Steak au poivre is also known as pepper steak, although the English moniker lends itself to confusion because there’s a Chinese takeout dish also called pepper steak. This is not that dish. This is the French classic, a recipe memorized by countless culinary students and immortalized by Saint Julia. Steak au poivre is a dish you need to know.
Why? Because it’s damn good, and because it works with pretty much anything.
I’ve eaten steak au poivre with beef, lamb, bison, elk, antelope, deer, duck, goose — it’s even good with pheasant, and I bet it’d be great with tuna or swordfish, too. The reason is the alchemy of butter, peppercorns, a rich stock, brandy and cream. These are many of the greatest things in life, so it’s easy to see why this is such a good sauce.
We had a good goose season this past year, and so Holly and I have been blessed with lots of specklebelly goose breasts, which, with the possible exception of elk backstrap, are my favorite meat to use with an au poivre sauce. A store-bought Muscovy duck breast is a very close approximation, if you are light on speck breasts at the moment.
Au poivre is a pan sauce, meaning its made in the pan you used to cook the meat in, in the time it takes to rest said meat.
Do this a few times and you will get it memorized, and you will find yourself carrying into hunting camp black and green peppercorns and a little jar of demi-glace (it’s sold shelf stable!). You already need cream for your coffee, and no hunting camp is complete without a bottle of brandy, so there you go.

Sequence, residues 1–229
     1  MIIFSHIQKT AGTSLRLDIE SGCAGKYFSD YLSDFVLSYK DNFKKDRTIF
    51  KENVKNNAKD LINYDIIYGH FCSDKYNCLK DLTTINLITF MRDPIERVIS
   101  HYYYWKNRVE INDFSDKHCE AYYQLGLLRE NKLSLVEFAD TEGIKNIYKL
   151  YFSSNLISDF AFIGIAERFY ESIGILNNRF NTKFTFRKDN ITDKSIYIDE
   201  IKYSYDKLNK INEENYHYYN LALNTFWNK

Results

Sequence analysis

Serve it with something green (I have some wild mustard greens and wild green onions on the side in this picture) and a starch of some sort. Potatoes would be my choice. If you are avoiding starch, you can roast some mushrooms, as I did. No porcini on hand? Roast some cremini mushrooms instead. Almost as good.
- 4 steaks (dusk breasts, small goose breasts, venison, elk, bison, beef, etc)
- 4 tablespoons unsalted butter , divided
- 1/4 cup minced shallot
- 1/4 cup duck glace de viande, or 1/2 cup duck or beef stock
- 1 tablespoon roughly cracked black peppercorns
- 1 tablespoon green peppercorns
- 1/3 cup brandy
- 1/4 cup heavy cream
Take the steaks out and salt them well. If you are cooking goose breasts, let them sit out a solid 30 to 45 minutes. Generally, the thinner the steak the shorter the time it needs to come to temperature. And if you make this with streaks 1/4 inch or thinner, take them right out of the fridge and into the hot pan.
- Heat 2 tablespoons of butter in a large saute pan set over medium-high heat. When the butter is hot, pat the steaks dry with paper towels and lay them in the pan so they don't touch each other. Sear them, turning only once, until they are done to your liking, using the finger test for doneness. If you are using duck or goose breasts, follow my instructions for cooking a duck breast here. Put the steaks on a cutting board to rest while you make the sauce.
- Make sure you have only about 2 to 3 tablespoons of fat in the pan; if you've cooked duck or goose breasts you will need to remove some. Add the shallot and saute until it begins to brown, about 2 minutes. Add the glace de viande or stock and the peppercorns and bring to a boil. Boil this down by half if you are using stock -- you need not do this with the glace, as it is already reduced.
- Add the brandy, bring it to a boil and let this boil furiously until you can drag a wooden spoon through the center of the pan and watch it leave a trail. This typically takes about 2 to 4 minutes. Turn off the heat and mix in the cream. When the sauce stops bubbling, add the remaining 2 tablespoons of butter one tablespoon at a time, swirling each tablespoon in to incorporate it. Doing this should prevent the butter from separating. Serve either over or under your steaks.